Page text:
•• (iii) 8(iii) 8--wave formulation by Powell (1994, wave formulation by Powell (1994, 1996) 1996) �� this requires the addition of some this requires the addition of some source term for div(source term for div(BB) and a propagation ) and a propagation equation. equation. �� only conservative schemes can handle only conservative schemes can handle jump conditions correctly !jump conditions correctly !

•• (iv) Write (iv) Write BB in terms of vector potential in terms of vector potential AA,,

BB = rot = rot A A �������� complicated equationscomplicated equations

Different Coordinate SystemsDifferent Coordinate Systems

State Vector

Crucial TestCrucial TestCloud Shock Cloud Shock InteractionInteraction

Tests considered by FlashTests considered by FlashOrszag-Tang

Shock-Cloud Interaction

Self-Gravitating Plasma

Jet Launching

Surface Gravity Wave Rising bubble

Magnetic RT

Magnetic reconnection

Application I: Disk SimulationsApplication I: Disk Simulations�� Magnetorotational InstabilityMagnetorotational Instability

•• Weakly magnetized disks are unstableWeakly magnetized disks are unstable

•• Weak field limit of MHD: Weak field limit of MHD: ββββββββ ~ 100 ~ 100 –– 10001000

•• BalbusBalbus--Hawley instability (Balbus & Hawley instability (Balbus & Hawley 1991; 1998; 2003)Hawley 1991; 1998; 2003)

•• Initially, only 2D shear box simulationsInitially, only 2D shear box simulations

•• Since 2000, global simulations, with initial Since 2000, global simulations, with initial condition given by some torus distributioncondition given by some torus distribution

•• Challenge: Exact angular momentum Challenge: Exact angular momentum conservation !conservation !

NEC SX-8 HLRS9 GFlops Peak8 CPUs per NodeVector CPU72 Nodes64 GB per Node

Astrophysical ContextAstrophysical Context

•• What drives the turbulence in disks ?What drives the turbulence in disks ?

•• General consensus : Accretion disks ARE turbulent, General consensus : Accretion disks ARE turbulent, but because of the pervasive magnetic fields, not but because of the pervasive magnetic fields, not hydrodynamicshydrodynamics

•• The central idea is that weak magnetic fields cause The central idea is that weak magnetic fields cause a linear instability which leads directly to disk a linear instability which leads directly to disk turbulenceturbulence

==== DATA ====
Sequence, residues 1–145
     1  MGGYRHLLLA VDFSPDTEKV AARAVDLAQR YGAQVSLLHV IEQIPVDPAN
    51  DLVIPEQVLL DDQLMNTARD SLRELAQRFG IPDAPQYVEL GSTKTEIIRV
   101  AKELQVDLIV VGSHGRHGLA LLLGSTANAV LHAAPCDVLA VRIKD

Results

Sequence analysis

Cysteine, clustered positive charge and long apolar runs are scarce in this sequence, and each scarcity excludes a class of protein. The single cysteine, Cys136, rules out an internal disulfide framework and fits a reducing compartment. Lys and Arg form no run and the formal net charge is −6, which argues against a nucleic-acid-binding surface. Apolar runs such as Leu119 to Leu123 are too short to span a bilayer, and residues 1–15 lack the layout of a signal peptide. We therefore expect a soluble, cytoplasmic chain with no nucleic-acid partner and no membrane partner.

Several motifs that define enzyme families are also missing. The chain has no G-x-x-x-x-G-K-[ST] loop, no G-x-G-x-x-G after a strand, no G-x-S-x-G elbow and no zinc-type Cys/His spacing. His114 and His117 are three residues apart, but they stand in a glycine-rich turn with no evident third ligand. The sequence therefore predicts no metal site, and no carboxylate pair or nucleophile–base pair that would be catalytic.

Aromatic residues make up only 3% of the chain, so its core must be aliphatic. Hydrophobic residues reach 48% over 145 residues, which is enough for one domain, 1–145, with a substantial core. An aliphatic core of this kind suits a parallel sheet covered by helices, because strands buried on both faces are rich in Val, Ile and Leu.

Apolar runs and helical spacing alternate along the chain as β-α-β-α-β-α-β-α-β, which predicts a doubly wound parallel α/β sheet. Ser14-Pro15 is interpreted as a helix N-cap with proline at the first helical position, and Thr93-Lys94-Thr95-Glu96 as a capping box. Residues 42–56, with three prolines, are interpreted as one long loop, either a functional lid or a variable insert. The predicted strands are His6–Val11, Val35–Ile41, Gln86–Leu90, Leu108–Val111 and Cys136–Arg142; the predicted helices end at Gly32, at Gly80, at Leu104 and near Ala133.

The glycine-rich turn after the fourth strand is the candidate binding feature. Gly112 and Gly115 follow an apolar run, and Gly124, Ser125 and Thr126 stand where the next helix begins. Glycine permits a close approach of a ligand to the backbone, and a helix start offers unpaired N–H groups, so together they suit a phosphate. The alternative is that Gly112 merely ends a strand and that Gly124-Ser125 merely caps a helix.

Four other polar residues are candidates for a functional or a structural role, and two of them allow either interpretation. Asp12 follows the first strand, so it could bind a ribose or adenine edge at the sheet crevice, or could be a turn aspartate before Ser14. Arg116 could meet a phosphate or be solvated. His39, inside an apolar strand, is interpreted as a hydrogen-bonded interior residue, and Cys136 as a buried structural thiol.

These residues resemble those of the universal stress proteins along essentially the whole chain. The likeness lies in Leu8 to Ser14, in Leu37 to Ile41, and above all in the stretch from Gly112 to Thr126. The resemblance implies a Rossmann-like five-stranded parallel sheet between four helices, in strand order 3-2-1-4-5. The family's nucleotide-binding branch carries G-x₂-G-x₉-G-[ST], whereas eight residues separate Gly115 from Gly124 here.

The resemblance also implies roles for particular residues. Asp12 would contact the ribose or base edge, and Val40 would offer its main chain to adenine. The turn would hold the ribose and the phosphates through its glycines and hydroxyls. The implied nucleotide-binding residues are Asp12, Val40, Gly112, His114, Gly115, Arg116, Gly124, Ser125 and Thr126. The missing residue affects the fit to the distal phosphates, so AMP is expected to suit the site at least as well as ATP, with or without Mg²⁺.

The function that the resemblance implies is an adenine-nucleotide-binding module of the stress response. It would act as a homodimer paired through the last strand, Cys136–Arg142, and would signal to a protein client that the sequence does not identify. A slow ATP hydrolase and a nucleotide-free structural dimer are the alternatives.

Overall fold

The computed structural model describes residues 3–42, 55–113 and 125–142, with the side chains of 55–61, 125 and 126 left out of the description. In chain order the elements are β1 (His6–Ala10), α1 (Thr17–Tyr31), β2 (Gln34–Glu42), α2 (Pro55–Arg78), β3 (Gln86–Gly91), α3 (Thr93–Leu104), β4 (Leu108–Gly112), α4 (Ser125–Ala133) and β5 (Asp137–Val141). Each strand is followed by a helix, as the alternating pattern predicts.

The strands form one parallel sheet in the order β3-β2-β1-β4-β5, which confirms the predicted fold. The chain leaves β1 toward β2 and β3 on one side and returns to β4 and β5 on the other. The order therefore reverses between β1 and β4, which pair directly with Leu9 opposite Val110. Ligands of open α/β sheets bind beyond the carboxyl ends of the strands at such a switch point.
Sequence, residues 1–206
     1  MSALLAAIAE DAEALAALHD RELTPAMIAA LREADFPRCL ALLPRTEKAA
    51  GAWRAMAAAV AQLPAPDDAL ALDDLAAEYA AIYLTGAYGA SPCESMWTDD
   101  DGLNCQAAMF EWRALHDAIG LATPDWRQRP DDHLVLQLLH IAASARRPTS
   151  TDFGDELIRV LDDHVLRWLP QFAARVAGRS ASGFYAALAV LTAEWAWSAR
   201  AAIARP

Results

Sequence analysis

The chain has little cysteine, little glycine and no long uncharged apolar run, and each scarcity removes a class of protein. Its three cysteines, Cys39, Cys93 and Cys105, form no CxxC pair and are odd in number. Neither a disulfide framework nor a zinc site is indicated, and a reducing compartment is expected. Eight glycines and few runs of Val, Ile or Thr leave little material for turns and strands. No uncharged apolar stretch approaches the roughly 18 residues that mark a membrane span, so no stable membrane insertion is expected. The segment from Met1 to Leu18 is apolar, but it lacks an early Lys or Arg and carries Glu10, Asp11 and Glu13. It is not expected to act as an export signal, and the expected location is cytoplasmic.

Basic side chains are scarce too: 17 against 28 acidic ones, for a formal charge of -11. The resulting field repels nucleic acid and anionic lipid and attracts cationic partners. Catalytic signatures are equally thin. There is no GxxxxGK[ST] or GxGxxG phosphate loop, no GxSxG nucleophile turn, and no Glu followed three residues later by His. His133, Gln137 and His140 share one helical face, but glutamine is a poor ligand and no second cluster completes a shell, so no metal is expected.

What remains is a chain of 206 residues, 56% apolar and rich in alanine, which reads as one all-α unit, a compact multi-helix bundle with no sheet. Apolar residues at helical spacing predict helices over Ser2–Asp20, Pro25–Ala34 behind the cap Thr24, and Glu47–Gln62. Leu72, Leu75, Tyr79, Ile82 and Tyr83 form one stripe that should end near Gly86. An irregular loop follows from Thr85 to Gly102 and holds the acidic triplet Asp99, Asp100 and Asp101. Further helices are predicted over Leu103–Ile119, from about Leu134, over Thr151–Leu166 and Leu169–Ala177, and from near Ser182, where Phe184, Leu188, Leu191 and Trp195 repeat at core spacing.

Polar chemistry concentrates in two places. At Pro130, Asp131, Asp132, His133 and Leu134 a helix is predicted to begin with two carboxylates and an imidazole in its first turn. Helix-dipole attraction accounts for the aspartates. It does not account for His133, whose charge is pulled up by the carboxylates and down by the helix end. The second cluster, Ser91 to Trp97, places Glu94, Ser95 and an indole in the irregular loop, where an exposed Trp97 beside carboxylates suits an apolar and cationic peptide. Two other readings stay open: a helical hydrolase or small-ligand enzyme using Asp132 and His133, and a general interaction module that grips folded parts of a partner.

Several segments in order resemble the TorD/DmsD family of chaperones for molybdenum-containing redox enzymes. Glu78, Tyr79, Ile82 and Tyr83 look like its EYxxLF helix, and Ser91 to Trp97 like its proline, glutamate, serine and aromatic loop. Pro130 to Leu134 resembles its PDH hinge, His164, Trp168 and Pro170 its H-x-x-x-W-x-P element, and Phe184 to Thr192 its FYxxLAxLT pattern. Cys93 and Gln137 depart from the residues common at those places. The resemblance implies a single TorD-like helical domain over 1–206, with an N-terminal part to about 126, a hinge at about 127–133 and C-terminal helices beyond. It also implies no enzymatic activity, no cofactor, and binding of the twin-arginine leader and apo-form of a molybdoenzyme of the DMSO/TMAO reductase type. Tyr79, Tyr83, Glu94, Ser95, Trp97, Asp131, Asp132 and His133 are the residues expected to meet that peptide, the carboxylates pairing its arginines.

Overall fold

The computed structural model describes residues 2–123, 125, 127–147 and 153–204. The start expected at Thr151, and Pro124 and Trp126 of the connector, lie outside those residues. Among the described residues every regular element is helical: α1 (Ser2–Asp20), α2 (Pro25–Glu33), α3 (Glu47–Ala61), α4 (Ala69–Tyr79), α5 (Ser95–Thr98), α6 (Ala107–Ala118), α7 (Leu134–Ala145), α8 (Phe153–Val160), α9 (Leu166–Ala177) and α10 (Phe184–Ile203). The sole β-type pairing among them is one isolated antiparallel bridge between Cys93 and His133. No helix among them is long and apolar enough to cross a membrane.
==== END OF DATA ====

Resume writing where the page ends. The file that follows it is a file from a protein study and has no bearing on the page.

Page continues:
•• MagnetorotationalMagnetorotational Instability (MRI) likely to be the Instability (MRI) likely to be the source of this turbulence and orbital angular source of this turbulence and orbital angular momentum transportmomentum transport

Accretion QuestionsAccretion Questions

•• What disk instabilities are present?What disk instabilities are present?•• What disk structures arise naturally?What disk structures arise naturally?•• What are the properties of disk What are the properties of disk

turbulence?turbulence?•• Is there a dynamo?Is there a dynamo?•• How are winds and/or jets produced?How are winds and/or jets produced?•• Origin of Origin of QPOsQPOsand Fe Ka lineand Fe Ka line•• What are the properties of the inner disk?What are the properties of the inner disk?•• How does black hole spin affect How does black hole spin affect

accretion?accretion?•• How does accretion affect the black hole?How does accretion affect the black hole?

BalbusBalbus--HawleyHawley’’s Solution s Solution

•• The tension acts to reduce the angular momentum of mThe tension acts to reduce the angular momentum of m11 and and increase that of mincrease that of m22. This further increases the tension and the . This further increases the tension and the process process ““runs awayruns away””..

z

R

BoB

m1

m2

•• Two fluid elements, in the same orbit, are joined by a field linTwo fluid elements, in the same orbit, are joined by a field line e (B(Boo). The tension in the line is negligible.). The tension in the line is negligible.

•• If they are perturbed, the line is stretched and develops tensioIf they are perturbed, the line is stretched and develops tension.n.

• Fluid elements coupled by a weak spring

with spring constant =

when weak magnetic field is applied

MRI (MRI (BalbusBalbus and Hawley, 1991)and Hawley, 1991)

• Spring exerts a tension force on both

elements, transferring angular momentum

from the inner element to the outer

• Instability arises as element separation increases, causing tension to increase,

causing further element separation, etc. (runaway process)

“High Resolution 3D Hydrodynamic Simulations of Accretion Disks in Close Binaries” -- M.P.Owen

Initial State „Final State“

Meridional Planethrough a BHColour: Density

Torus+ weakmagnetic fields

TurbulentThick Disk���� Keplerian

Gammie et al. 2004

OutflowsFunnel

Log ρρρρ

No cooling Cyclotroncooling

S. Brinkmann, LSW Heidelberg 2005

S. Brinkmann, LSW Heidelberg 2005

S. Brinkmann, LSW Heidelberg 2005

r [RS]

r [R

S]

after 690 light crossing times

0 5 10 15 20 25 30 35 40 0

5

10

15

20

25

30

35

40

45

r [RS]

after 2000 light crossing times

5 10 15 20 25 30 35 40 45 0

5

10

15

20

25

30

35

40

45

r [R

S]

1e-12 1e-11 1e-10 1e-09 1e-08 1e-07 1e-06 1e-05 1e-04

ρ [kg/m3]

r [RS]

r [R

S]

5 10 15 20 0

2

4

6

8

10

S. Brinkmann, LSW Heidelberg 2005

TurbulenceTurbulence

Krolik 2005

OutflowsOutflows

inin

MicroMicro--

QuasarsQuasars

��������

RelativisticRelativistic

EffectsEffects

of disk

Beyond Plain MHDBeyond Plain MHDPlasma effects� Resistive MHD:� Reduced 2D Hall (Grasso et al, 1999)� Electron inertia and compressibility� 3D Hall MHD and two-fluid MHD� Radiative MHD� Relativistic MHD

( )eie p

n

d

dt

d

n

d

S

t⋅∇−×++=×+ BJJ

JBVE21